Life insurance is commonly used to fund buy-sell agreements in privately-held companies. Life insurance is often considered not only as a funding vehicle for buy-sell agreements but for ESOP repurchase obligation funding as well. The decision as to which entity is to own the insurance, as well as how the insurance proceeds are to be used, must be carefully made.
ESOP-owned life insurance is certainly attractive in the short run since the premiums on the insurance will be made with pre-tax dollars, if ERISA limits are complied with. In addition, any potential problem with Alternative Minimum Tax is avoided if the ESOP is the beneficiary.
These advantages are almost always outweighed by the following concerns:
- Contribution limits may not allow the additional contributions needed to pay the premiums.
- Plan fiduciaries may be locked into continuing the policies long after they are necessary.
- The payment of life insurance proceeds to the ESOP will actually increase the plan’s repurchase liability in the long-term if they are used to purchase employer securities.
- The tax-free nature of the insurance death benefit is “wasted” when it is paid to a trust that is already tax-sheltered.
- Insurance proceeds paid to the ESOP cannot be used to repay ESOP debt.
If ESOP-owned life insurance is only held on the lives of key employees, it may be deemed to be a prohibited transaction (by providing a certain market for the stock of key employees, the ESOP may not be operating for the exclusive benefit of all of the ESOP participants), and thus could be deemed a violation of ERISA.
The fact that premiums on corporate-owned life insurance may not be deductible or allowable should not dissuade the ESOP Company from utilizing it in the appropriate situations.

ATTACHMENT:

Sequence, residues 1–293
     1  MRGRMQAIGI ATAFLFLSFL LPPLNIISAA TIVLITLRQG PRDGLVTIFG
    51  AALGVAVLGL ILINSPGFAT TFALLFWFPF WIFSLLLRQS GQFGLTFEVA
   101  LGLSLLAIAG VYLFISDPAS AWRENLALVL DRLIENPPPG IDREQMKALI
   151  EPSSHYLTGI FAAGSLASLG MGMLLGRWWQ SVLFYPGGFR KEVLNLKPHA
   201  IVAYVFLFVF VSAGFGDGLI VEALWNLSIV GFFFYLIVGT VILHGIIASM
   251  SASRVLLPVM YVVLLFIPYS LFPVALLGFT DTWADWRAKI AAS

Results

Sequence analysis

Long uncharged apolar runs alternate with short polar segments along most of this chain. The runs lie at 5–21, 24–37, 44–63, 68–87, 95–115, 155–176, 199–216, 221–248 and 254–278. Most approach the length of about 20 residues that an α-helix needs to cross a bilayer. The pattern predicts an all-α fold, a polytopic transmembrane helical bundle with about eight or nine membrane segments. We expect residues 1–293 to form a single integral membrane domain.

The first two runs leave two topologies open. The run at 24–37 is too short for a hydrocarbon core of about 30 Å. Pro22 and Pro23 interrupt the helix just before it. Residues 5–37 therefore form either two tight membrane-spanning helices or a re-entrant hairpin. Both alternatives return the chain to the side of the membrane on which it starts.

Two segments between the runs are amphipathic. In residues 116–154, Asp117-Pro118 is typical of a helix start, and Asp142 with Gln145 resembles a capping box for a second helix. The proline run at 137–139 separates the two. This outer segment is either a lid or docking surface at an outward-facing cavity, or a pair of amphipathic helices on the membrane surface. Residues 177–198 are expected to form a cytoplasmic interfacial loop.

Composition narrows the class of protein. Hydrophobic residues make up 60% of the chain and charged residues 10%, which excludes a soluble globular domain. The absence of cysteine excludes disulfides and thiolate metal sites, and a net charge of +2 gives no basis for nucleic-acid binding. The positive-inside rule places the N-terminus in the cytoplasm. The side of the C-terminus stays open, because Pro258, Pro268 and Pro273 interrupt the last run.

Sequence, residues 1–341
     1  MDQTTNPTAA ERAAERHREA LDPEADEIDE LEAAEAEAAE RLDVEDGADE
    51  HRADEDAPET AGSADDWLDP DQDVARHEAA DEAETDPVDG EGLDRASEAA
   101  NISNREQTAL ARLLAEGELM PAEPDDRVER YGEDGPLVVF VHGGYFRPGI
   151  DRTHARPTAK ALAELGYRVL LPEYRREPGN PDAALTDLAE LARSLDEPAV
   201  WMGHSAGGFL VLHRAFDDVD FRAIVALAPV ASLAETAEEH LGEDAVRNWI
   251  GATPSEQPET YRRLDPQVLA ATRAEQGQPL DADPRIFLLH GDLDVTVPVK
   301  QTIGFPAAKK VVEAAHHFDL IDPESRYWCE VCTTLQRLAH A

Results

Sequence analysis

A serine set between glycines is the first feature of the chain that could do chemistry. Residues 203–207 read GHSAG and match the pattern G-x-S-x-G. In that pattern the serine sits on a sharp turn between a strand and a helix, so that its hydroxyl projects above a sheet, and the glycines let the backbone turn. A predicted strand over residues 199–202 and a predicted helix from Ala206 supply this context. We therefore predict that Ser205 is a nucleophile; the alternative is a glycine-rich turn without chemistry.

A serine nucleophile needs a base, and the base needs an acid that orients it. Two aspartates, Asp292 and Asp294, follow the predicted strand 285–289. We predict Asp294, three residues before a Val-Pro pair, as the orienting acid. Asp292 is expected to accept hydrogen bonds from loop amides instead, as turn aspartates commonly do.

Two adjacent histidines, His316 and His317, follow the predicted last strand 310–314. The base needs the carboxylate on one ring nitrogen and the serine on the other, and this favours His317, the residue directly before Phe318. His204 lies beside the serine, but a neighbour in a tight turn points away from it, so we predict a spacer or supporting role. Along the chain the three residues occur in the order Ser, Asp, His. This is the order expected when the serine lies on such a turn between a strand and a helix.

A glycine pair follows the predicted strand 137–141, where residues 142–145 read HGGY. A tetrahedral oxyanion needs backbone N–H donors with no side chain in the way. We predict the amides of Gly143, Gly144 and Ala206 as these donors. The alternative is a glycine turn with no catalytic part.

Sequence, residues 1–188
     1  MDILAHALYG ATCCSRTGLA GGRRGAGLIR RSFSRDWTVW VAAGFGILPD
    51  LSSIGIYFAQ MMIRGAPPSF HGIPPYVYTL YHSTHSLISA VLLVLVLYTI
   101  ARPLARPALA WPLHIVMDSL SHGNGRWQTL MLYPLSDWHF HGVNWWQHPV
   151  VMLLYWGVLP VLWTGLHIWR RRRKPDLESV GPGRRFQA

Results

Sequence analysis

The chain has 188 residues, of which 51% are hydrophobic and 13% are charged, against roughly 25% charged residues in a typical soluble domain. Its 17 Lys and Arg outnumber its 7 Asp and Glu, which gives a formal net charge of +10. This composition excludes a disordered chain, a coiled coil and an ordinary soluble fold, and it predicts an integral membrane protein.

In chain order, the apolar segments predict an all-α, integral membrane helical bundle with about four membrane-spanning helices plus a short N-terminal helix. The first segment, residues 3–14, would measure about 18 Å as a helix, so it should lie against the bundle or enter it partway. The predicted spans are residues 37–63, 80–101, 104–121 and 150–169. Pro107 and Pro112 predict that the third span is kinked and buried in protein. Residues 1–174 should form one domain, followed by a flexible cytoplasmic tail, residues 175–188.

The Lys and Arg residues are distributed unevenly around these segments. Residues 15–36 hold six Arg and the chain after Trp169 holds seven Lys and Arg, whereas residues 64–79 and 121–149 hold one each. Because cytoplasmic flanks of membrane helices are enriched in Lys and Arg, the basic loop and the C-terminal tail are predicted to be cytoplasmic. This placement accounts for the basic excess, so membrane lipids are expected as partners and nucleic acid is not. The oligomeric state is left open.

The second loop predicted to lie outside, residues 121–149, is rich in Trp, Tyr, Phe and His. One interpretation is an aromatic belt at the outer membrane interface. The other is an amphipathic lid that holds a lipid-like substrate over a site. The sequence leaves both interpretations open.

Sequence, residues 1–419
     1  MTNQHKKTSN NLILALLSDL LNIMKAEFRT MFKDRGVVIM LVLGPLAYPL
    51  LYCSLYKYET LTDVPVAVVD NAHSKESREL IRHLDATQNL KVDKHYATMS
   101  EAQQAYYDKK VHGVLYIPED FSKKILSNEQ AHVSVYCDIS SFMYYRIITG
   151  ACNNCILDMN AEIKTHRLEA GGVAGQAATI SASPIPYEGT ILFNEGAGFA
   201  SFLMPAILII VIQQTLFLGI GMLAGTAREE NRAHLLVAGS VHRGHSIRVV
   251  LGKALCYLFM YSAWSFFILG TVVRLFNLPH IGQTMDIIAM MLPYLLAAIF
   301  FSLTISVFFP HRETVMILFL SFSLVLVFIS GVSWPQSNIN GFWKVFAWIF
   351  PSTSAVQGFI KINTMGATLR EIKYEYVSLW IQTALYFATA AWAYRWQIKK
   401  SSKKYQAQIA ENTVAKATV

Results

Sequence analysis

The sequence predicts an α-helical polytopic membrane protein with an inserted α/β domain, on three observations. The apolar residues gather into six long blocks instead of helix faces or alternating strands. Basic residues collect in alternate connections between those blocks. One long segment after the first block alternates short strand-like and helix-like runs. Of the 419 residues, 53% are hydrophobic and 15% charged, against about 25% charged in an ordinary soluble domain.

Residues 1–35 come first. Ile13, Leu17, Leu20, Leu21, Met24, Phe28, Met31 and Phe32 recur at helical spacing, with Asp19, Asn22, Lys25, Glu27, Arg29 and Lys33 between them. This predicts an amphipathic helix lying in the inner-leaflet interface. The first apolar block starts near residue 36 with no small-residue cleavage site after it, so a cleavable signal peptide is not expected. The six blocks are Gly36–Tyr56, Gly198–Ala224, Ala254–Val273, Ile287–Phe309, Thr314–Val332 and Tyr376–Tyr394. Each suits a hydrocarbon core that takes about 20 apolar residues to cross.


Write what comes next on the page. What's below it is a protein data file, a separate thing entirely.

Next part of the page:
The advantages of having the corporation own the life insurance are significant:
- Tax-free cash (subject to the Alternative Minimum Tax) received as death proceeds from the insurance policy by the corporation can be loaned to the ESOP or tax-deductible contributions can be made to the ESOP, enabling it to purchase the stock of the insured. If insurance proceeds are loaned to the ESOP, the company makes tax-deductible contributions to repay itself.
- Cash value of corporate-owned life insurance (“COLI”) grows on a tax deferred basis.
- The corporation has unrestricted use of COLI cash values, including the funding of repurchase liability due to retirement or termination.
- A “waiver of premium” option for disability can be added to most policies.
COLI products can be structured with significant cash value investment flexibility.
- The corporation may wish to retire stock, using insurance proceeds.
- Premiums on COLI can become “tax deductible”, if contribution limits allow, by having the corporation annually contribute an amount of newly issued shares equal in value to the premiums paid. Dilution to existing shareholders must be considered in this approach.
- The investment return of highly-rated life insurance companies may be competitive with other conservative investment options.
The corporation is cautioned to review with its accountant the potential impact of the alternative minimum tax on the proceeds of corporate-owned life insurance proceeds being paid to the company, and to review the impact the receipt by the corporation of these proceeds may have on the valuation of the company’s stock.
In summary, maintaining the insurance with the corporation as owner, premium payer and beneficiary retains a great degree of flexibility for the corporation, maximizes the tax benefits of corporate-owned life insurance, and reduces fiduciary risk.
The income provided by a death benefit can be used by the corporation to directly purchase stock, or can be contributed, or loaned, to the ESOP.
The amount of insurance to have is a question that must be addressed separately by each ESOP Company and will depend upon the projected account balances of plan participants, the level of “self-insurance” the corporation is willing to accept, and the current and projected cash balance in the plan.